5. Light a fire under Tom's bum, so he finishes building the bookcases in our bedroom before this baby comes!!  Once they're constructed, it will be my job to caulk, prime, paint, and stain everything.  I'd really rather get that done before I'm just too enormous to maneuver my body into all the strange positions I'll need for painting.  Then - the most exciting part - I can finally organize all our books onto the shelves!  I've already claimed one entire side for homeschool stuff.

6. Continue planning out next year's curriculum.  We're definitely going to keep on with Mater Amabilis as our base for next year.  The big things will be deciding what to do about a math program (should I switch or not?  I already have all the stuff I'd need for Saxon grade 2), deciding how much - if anything - I will do with Stella next year, and writing out a daily schedule to ensure I can fit everything in.

7. Finish knitting a baby boy blanket. I'm approaching half-way already, so I don't think this will be a problem.

8. Get back in the groove with meal-planning.  I was good about this for a couple years, but I stopped doing it when Linus was born three years ago (my transition to having three kids really threw me off for a while).  I've been getting by all this time by keeping a well-stocked pantry and chest-freezer at all times, and assembling most of our meals from what we already have in the house.  But it's really starting to catch up with me now.  I think I could relieve a fair amount of daily stress if I just had a clear plan about what we're going to eat before the day begins, and the knowledge that every ingredient I will need is definitely in the house.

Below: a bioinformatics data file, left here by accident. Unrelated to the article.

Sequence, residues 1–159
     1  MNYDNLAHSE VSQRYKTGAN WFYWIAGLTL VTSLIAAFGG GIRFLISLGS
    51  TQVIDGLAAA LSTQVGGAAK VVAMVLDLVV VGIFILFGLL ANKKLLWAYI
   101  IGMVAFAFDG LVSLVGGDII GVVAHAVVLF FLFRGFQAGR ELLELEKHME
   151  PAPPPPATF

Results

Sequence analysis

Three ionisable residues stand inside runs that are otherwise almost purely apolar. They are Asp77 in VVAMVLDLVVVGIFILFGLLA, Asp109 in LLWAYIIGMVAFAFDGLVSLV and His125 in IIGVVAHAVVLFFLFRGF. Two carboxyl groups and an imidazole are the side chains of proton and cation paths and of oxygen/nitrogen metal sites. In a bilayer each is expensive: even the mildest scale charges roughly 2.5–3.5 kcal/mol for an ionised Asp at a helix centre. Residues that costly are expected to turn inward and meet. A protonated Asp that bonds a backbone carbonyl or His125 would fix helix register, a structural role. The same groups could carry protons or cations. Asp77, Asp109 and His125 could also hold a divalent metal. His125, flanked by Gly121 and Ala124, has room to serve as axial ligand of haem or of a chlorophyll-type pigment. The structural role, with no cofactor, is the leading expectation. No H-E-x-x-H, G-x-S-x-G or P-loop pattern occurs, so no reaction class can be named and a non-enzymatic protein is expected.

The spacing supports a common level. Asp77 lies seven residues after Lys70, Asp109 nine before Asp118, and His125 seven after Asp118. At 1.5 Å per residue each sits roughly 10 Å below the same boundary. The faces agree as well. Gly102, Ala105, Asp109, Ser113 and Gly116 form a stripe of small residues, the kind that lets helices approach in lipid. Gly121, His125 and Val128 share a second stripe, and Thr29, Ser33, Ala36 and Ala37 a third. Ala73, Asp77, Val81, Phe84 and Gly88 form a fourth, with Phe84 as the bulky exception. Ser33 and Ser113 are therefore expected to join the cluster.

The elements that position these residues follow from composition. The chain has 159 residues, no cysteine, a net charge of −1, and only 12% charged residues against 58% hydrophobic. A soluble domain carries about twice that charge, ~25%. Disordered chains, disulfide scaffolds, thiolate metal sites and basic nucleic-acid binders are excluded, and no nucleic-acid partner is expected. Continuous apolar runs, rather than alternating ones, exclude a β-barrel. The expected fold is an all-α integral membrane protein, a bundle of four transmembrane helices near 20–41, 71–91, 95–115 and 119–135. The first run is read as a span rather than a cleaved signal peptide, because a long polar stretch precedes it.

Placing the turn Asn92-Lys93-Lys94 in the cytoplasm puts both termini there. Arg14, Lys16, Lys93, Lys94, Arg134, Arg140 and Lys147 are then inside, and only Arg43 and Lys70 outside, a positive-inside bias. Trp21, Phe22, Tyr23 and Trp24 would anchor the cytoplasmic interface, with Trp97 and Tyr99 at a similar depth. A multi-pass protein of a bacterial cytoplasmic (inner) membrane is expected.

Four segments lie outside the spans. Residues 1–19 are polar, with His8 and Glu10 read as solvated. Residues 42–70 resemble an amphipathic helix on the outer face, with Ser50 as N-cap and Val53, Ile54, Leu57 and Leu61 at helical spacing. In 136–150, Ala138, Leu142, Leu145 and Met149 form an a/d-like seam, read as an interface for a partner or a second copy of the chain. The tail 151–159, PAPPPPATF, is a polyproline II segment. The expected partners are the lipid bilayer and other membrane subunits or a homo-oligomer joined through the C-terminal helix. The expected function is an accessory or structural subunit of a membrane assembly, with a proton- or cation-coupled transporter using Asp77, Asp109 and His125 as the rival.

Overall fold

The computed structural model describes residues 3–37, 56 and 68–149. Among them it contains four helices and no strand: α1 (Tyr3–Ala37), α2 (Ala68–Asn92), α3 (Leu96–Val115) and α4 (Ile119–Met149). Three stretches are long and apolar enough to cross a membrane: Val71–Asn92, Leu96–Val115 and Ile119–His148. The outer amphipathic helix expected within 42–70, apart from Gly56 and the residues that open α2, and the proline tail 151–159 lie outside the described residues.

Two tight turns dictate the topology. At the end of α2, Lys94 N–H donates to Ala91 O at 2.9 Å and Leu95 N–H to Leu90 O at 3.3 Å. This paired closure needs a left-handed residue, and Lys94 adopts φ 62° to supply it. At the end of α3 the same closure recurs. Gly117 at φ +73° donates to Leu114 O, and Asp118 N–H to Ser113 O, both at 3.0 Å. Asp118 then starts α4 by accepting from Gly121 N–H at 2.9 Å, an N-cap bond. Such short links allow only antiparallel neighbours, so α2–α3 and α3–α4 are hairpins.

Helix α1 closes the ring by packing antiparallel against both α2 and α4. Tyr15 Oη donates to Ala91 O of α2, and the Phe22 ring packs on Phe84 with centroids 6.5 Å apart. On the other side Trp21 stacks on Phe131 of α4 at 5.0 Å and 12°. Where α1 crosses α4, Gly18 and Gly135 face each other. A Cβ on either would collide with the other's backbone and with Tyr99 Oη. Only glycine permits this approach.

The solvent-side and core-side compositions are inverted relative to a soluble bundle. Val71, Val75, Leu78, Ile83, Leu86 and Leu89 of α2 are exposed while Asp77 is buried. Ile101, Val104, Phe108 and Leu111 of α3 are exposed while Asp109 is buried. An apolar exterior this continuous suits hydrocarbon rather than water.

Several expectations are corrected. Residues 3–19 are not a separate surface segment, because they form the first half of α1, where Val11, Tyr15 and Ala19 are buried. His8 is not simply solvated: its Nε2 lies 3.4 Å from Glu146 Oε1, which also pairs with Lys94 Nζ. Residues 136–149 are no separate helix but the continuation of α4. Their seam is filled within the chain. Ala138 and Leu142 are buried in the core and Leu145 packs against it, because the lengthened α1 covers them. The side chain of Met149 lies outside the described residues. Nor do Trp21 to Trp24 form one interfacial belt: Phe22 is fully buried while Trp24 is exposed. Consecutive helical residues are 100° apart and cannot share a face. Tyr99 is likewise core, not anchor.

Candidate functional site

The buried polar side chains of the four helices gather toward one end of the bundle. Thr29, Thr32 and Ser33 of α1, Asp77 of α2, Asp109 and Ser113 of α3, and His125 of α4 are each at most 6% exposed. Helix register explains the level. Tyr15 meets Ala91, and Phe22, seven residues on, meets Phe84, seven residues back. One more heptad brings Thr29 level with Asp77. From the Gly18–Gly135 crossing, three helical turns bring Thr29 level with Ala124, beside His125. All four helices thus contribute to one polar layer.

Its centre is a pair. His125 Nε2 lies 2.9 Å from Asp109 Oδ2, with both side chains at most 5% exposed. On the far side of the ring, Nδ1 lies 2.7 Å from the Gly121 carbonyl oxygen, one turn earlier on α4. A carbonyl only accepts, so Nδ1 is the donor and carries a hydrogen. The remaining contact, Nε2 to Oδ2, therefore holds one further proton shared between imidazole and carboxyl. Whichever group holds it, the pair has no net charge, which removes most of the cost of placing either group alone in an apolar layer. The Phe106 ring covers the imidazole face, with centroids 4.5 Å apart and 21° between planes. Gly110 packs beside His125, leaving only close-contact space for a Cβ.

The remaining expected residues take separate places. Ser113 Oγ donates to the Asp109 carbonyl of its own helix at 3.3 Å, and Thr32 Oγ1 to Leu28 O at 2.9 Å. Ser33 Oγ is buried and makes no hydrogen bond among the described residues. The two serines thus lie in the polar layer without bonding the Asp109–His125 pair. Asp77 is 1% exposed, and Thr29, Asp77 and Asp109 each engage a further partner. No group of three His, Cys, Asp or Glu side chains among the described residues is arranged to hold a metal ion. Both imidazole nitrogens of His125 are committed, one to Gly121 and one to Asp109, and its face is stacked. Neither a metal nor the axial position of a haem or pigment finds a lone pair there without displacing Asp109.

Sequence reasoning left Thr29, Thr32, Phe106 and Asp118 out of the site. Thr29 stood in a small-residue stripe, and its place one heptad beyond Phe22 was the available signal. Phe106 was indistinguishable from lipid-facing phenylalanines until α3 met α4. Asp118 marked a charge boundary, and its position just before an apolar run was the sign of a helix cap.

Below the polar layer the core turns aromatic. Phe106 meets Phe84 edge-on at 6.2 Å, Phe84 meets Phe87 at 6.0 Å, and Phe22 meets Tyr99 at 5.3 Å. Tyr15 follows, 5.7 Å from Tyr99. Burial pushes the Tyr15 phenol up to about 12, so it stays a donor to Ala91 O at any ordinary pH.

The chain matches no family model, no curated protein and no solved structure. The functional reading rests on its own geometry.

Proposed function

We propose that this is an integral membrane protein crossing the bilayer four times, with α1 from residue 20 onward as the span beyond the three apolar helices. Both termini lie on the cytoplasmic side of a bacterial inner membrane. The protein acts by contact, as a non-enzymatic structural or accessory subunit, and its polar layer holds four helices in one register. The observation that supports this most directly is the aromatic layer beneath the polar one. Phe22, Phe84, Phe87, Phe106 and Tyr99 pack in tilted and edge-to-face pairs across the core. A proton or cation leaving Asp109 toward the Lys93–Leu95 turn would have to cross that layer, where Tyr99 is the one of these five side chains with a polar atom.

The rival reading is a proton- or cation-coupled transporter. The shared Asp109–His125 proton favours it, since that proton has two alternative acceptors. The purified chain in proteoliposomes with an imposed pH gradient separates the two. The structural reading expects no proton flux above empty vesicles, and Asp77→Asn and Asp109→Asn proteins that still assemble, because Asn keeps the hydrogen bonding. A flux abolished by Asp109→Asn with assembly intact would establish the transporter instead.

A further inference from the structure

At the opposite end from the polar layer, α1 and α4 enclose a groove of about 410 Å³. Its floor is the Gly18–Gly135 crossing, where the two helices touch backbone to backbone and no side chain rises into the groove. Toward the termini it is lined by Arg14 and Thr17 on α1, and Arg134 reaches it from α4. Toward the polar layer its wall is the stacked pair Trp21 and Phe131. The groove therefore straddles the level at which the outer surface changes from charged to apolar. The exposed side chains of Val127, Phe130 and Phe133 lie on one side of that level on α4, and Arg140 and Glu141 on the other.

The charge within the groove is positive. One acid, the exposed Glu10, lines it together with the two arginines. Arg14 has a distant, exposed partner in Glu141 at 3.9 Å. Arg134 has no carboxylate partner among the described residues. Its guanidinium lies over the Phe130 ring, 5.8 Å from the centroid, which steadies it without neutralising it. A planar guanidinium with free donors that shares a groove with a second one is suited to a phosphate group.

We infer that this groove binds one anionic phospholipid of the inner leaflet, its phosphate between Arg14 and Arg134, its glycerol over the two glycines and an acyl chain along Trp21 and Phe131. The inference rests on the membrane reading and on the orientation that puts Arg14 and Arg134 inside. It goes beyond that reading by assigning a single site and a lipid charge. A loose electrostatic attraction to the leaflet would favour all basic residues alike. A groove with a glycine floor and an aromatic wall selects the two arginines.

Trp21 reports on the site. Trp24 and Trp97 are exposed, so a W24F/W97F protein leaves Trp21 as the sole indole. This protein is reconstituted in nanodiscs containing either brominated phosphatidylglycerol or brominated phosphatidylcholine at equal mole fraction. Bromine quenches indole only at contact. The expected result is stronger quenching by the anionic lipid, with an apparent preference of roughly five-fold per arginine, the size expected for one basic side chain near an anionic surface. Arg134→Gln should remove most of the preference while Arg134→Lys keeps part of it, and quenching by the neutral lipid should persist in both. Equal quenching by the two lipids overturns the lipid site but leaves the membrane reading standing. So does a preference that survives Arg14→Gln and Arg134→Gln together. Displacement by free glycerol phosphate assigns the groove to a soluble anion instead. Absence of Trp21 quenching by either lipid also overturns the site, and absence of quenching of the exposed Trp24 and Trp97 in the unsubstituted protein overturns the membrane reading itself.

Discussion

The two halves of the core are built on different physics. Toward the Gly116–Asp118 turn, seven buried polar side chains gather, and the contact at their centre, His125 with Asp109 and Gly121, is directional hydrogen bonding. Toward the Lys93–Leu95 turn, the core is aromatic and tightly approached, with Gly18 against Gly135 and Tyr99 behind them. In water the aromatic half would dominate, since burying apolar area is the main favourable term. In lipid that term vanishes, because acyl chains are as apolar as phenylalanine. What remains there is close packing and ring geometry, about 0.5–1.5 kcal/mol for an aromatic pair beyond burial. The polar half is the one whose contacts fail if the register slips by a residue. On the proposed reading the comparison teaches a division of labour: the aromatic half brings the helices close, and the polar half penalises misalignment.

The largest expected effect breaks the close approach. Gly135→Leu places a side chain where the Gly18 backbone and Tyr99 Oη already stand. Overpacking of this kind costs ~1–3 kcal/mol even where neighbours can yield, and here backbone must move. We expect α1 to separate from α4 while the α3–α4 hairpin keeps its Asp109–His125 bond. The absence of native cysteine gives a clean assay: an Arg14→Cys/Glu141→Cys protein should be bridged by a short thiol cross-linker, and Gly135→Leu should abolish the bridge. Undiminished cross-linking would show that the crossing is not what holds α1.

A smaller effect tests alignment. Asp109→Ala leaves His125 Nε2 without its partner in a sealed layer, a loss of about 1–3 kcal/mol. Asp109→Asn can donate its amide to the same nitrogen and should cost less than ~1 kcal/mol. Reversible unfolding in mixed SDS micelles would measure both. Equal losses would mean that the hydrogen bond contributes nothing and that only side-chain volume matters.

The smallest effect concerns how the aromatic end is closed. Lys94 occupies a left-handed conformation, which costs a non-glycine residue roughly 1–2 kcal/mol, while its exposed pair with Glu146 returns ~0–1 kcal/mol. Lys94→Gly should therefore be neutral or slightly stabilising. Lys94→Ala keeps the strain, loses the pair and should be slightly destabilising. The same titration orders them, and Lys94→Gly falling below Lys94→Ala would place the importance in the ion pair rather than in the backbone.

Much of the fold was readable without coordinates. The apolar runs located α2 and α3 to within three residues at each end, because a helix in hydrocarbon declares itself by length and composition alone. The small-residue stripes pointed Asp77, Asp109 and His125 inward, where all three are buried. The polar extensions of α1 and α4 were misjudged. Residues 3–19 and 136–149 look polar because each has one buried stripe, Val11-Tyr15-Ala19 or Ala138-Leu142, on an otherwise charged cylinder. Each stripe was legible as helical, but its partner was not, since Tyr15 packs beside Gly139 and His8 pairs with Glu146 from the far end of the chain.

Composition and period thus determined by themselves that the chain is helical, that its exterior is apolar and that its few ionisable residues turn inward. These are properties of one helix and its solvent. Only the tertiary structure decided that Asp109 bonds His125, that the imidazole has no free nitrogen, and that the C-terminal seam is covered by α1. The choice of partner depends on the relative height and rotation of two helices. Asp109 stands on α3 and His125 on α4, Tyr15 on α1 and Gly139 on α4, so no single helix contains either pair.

Thursday, April 27, 2017

I Finished My Baby Blanket Just in Time....

...to find out that we are having another BOY!



haha.  Joke's on all of us, I guess.  So this beautiful but very pink blanket will be going into storage for the time being.  And I'll be beginning as soon as possible on knitting a light green blanket for this new little man.

The pattern is called Sleeping Baby's Castle Blanket, and is for sale on Ravelry



Perhaps the next one (God willing) will be a girl.  It would maintain the pattern we've got going on, at any rate: boy - girl - boy - girl - boy.

Now begins the challenging process of deciding on a boy name.  Tom and I are totally deadlocked on this question.  We each have a name we love but the other spouse hates.  And so far, neither of us have wanted to budge :-P

Wednesday, April 26, 2017

"Gender Reveal" Tomorrow!

Who will come out in the lead - the boys or the girls?

I have my 20-week ultrasound scheduled for tomorrow, and I'm so excited to find out whether the baby is a boy or girl.  We always find out.  At this point, Tom would prefer to "be surprised" - now that we have one (well, two actually) of each, and have all the gender-appropriate clothes we'll need anyways.  But I just really like to know.  And I guess since I'm the one doing all the work to grow this little person, and carrying him/her around all these months, my opinion wins out.  And I figure, we're still getting surprised, it just happens to be 20 weeks earlier than some people do.

Obviously, we are happy and in love with this baby no matter what.  But right now, most of us are rooting for it being another girl.  All for very different reasons.

Linus: Baby girls are all he really knows, since his only younger sibling is a girl.

Stella: She says she wants the "girls to win" by outnumbering the boys.

Sly: He claims - not without reason - that "baby girls are the cutest".  He's been the sweetest, most doting big brother to Flora, and I think he's hoping for another baby like her.

Mommy: Has been working since before she was pregnant on knitting a baby blanket "for our next baby that's a girl."  I'm 99.9% finished (I just have four rows left to do!), and it's very pink and very girly, so I won't be using it if this baby is a boy.  I have a tradition of knitting each baby a blanket before they are born, and I would very much like *not* to have to start all over tomorrow in a boy color :-P